The idea is that everything you need to complete your home, whether new-built or a renovation, is wrapped up in the loan.
Create a Plan for Your Custom Home
When building a home, you can’t just ask a lender for an appraisal or just get approved for a certain amount. Construction loan lenders expect to see a plan for the construction of the home.
When you apply for a home construction loan, you’ll need to let your lender know the following information:
- Size of the home and the lot
- Placement of the lot
- Home plans (possibly include blueprints)
- Materials used to build the home
- Types of renovations you plan to make (for an applicable loan)
- Timeline for completing the home
- Contractors that will be hired
Lenders will dig into this information to decide if you’re a good risk. They want to know that the home — or the lot — will at least be worth something if you default on the loan. Part of the process is understanding that the home will at least be worth what you’re borrowing once it’s finished.
At each stage of construction, and before disbursement is made, the work will have to be inspected. If you choose a general contractor that’s experienced and respected, they can help you provide needed information to your lender, and you can be reasonably assured that they will do good work.
Qualifying for a Home Construction Loan
Now that you have a plan for your new home, it’s time to qualify for your construction loan. In many ways, the process is the same as qualifying for a traditional mortgage. The construction loan lender will review your financial situation and decide if you present a relatively low risk. Some of the things that a construction loan provider looks at include:
- Credit score: This is the most important element of any home loan, and it’s no different with a construction loan. In fact, because there might not be anything of tangible value before construction, you might need an even higher credit score. You usually need at least a 680 credit score to qualify, so you need to improve your credit score if you’re not there yet.
- Debt-to-income (DTI) ratio: As with a regular mortgage, the lower your debt-to-income ratio, the better off you’ll be. Most lenders require that your DTI be no more than 45% of your monthly income.
- Down payment: While you might be able to get by with 5% or less for a down payment with a traditional mortgage (FHA, USDA, and VA loans famously come with much lower down payments), a construction loan is a different story. You’ll likely have to put down at least 20% to make it happen. In some cases, though, as with a renovation loan, you might get away with a lower down payment.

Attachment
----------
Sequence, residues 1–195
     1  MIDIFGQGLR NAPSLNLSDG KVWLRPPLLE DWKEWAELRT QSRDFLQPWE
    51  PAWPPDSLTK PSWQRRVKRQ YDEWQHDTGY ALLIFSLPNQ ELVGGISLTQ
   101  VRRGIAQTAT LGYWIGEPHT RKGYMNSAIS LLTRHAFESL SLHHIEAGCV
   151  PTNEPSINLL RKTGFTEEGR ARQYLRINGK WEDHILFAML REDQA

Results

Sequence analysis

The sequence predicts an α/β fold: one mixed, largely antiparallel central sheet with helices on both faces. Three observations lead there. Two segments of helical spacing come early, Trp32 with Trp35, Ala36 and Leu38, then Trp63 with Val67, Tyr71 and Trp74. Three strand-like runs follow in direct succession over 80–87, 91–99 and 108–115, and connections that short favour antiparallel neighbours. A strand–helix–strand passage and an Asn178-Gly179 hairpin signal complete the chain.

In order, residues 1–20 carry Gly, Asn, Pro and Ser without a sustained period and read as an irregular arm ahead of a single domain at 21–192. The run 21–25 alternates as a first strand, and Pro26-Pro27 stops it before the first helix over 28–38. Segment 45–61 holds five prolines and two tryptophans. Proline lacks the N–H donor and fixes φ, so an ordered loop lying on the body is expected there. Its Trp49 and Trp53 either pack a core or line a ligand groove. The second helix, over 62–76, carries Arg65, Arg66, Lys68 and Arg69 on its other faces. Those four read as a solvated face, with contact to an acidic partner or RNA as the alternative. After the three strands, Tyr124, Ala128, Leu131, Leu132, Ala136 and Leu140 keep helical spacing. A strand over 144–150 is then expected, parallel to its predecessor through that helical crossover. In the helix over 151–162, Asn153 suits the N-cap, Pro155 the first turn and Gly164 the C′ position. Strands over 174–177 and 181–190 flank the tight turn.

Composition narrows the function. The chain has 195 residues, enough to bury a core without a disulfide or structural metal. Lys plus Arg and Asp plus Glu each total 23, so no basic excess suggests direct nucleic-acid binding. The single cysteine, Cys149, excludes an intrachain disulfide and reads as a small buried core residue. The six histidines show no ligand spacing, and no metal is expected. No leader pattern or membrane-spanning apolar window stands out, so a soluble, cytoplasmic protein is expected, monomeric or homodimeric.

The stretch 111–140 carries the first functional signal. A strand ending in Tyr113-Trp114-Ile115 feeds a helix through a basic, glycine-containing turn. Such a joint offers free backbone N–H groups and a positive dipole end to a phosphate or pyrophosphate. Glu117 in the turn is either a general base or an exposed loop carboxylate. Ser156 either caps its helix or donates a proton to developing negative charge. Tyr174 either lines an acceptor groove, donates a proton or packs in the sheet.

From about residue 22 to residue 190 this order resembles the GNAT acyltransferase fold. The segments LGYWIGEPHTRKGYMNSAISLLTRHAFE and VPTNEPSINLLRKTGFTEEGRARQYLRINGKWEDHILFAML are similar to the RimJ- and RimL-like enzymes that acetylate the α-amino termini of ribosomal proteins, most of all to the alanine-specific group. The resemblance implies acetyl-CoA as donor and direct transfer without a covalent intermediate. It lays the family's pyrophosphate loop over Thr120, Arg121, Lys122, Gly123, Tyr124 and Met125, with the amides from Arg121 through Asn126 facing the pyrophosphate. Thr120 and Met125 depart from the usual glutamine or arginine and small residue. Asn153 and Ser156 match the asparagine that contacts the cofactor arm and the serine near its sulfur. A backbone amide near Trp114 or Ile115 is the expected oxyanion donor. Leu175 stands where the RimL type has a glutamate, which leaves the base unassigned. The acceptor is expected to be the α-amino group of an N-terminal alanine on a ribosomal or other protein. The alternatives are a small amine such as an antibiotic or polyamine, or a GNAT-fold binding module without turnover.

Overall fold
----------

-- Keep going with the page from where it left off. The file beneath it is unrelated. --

By planning ahead and making sure your finances are in order, you have a better chance of qualifying for a construction loan.
Prepare for a Longer Closing Period
Realize that there are many moving parts to your home construction loan. It’s not just you and your lender involved. You’ve got a builder or contractor as part of the arrangement, and you’re not going to get a lump sum. Instead, the lender will evaluate you and the contractor you choose separately.
Additionally, a timeline for disbursements needs to be set up. On top of that, a lender might need to consider insurance related to the process. Plus, whether you choose a construction-to-permanent or construction-only loan matters a great deal as you negotiate with a lender about your terms.
As a result of these different aspects of construction loans, you might need to allow for a longer closing period. Additionally, you’re likely to see delays and additional costs during the building portion, so making sure you have adequate contingency reserves built into your new home is vital.
A construction loan can help you create your dream home, whether you build from scratch or convert a fixer-upper. However, you need to be prepared for the differences that come with it.
Your lender isn’t just going to approve you for an amount and then hand over a lump sum and hope you use it appropriately. Instead, you’ll have to prove that you can handle the loan, that your construction project is viable, and you’ll be watched every step of the way as funds are doled out.
If you understand how a construction loan works, though, it can be a great tool for ensuring that you get exactly what you want in a new home.